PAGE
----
Monday, March 12, 2012


Harry Potter and the Da Vinci code are not reducible to the MSS that J.K. Rowling and Dan Brown submitted to their publisher. This is true even if the published text was very close to those MSS and not, as sometimes happens, co-authored by their editors. At the very least, several hundred people were involved in drawing covers and typesetting and printing and physically manufacturing the object that you bought in Waterstone. And someone else created the marketing campaign; decided that it would be cool for bookshops to open in the middle of the night to sell the first editions; carefully honed the Rowling persona; spotted that a series of school based children's fantasy stories might be the sort of thing that kids would want to read. No-one but JK Rowling could have written Harry Potter but if JK Rowling hadn't written Harry Potter, some other publisher might have identified some very similar author to place at the center of a very similar maelstrom.

It is tempting for a writer to think "It is my words that the Public wants, and all the publisher does is put them in the hands of the reader."

It is equally tempting for a publisher to think "I make beautiful books, and one small part of the process is the artisan who I hire to write the words which go into them."

It is tempting for an actor to think: "I have a special talent: people come to see me act, and the director's job is simply to decide where I should stand so that the audience can hear me declaiming.

It is equally tempting for a director to think: "People have come to see my version of a play, based on my knowledge of literature and stage craft. An actor is simply a skilled individual whose job it is to read the words and perform the gestures that I am tell him to."

Would it therefore be unreasonable for the theatre architect to say "I am in the business of giving people an exquisite evening. You create a beautiful building, and then you hire anyone to sell ice cream, pour drinks, and strut about on the stage?"


You can sometimes get a very small child to eat his greens but arbitrarily declaring that these are special Tellytubby greens. It works better if the person performing the alchemy is Mr Sainsbury: the spinach that was wrapped in official Tellytubby packaging really does taste better than the kind which Mummy says came all the way from Tellytubbyland.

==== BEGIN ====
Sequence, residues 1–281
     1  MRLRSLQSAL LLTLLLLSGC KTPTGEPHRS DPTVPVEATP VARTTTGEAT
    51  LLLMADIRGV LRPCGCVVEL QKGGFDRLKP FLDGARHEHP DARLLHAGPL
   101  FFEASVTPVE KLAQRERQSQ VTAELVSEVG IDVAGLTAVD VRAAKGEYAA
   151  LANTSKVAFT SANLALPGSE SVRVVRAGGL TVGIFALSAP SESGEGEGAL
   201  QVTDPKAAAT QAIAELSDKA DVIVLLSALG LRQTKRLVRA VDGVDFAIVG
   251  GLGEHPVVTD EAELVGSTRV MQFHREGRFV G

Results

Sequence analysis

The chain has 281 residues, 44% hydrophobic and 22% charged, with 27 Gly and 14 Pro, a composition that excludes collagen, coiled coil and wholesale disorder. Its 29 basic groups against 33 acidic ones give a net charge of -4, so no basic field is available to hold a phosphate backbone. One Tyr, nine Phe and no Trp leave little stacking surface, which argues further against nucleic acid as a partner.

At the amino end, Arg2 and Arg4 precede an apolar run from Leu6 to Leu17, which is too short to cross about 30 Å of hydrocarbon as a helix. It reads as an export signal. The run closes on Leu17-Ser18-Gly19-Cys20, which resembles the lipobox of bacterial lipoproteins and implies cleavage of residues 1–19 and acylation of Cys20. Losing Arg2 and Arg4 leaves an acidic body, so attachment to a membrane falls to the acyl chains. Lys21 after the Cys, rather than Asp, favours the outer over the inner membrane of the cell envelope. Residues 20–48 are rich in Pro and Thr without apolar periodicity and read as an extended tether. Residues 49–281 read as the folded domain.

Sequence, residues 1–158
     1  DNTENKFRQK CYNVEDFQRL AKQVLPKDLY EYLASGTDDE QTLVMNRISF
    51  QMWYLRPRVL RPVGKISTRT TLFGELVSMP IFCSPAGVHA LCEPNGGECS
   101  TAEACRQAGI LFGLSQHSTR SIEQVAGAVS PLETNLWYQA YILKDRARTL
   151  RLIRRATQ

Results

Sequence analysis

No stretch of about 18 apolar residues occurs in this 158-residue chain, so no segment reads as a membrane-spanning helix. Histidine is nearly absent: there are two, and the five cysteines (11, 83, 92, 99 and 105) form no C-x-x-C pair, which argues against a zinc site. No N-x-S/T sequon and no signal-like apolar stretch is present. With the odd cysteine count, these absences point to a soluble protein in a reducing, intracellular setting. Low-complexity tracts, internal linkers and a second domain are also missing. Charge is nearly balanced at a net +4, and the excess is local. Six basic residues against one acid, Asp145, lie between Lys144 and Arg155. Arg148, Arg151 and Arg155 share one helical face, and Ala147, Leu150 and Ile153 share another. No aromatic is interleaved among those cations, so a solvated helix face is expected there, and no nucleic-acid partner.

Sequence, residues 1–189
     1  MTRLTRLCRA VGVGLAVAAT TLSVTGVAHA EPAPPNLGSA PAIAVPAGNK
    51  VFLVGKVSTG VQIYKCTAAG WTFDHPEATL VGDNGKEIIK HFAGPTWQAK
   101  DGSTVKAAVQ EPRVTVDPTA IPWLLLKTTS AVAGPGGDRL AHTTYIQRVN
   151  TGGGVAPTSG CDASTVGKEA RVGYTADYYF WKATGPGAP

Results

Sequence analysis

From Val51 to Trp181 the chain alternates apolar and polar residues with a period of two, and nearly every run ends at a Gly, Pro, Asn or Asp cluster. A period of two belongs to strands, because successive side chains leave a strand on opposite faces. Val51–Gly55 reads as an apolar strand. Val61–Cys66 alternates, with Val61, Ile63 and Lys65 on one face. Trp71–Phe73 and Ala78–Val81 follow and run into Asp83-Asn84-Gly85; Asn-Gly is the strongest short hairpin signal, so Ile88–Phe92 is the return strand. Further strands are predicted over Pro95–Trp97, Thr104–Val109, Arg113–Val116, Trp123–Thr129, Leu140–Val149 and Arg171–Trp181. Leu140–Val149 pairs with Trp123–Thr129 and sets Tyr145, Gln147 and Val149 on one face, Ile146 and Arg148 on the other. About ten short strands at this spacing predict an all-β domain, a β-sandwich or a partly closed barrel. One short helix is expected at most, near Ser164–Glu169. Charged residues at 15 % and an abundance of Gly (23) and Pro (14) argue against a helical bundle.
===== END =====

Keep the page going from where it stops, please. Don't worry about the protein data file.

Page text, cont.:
I am sometime told that Peter Jackson's parody of Lord of the Rings has to be judged on it's own terms: it doesn't matter whether or not it is an accurate translation of Prof. Tolkien's book.

It is certainly true that Lord of the Rings works very well as a Hollywood pop corn flick. I would place it almost precisely on  a level with the Pirates of the Caribbean series, full of sound and fury but signifying less and less as it goes along.

This is not to deprecate Lord of the Rings. I like the Pirates of the Caribbean series very much indeed. They provide a huge dollop of cutlasses, cannons and eye patches, wrapped in the illusion of a narrative, and enough macguffins and plot coupons to propel the ships from exotic location to exotic location. They are, in short, exactly what you want from a pirate movie. 

I feel much the same way about Lord of the Rings: it is the Goonies with dragons, ill matched semi competent protagonists dropped into the middle of a story in which far too many precipices collapse underneath them and far to many dragons drop rocks on them for anyone to have any chance to work out what is actually meant to be happening. 

Saying that the Lord of the Rings is to be judged on its own merits is the same as saying that Jackson, having made his big budget cartoon, used the name Lord of the Rings to give it a quite spurious gravitas: that the Lord of the Rings movie is only a Lord of the Rings movie in a manner of speaking, just at the Tellytubby spinach is only Tellytubby spinach in a manner of speaking.

If I say this, I am accursed of snobbery by the meta geeks.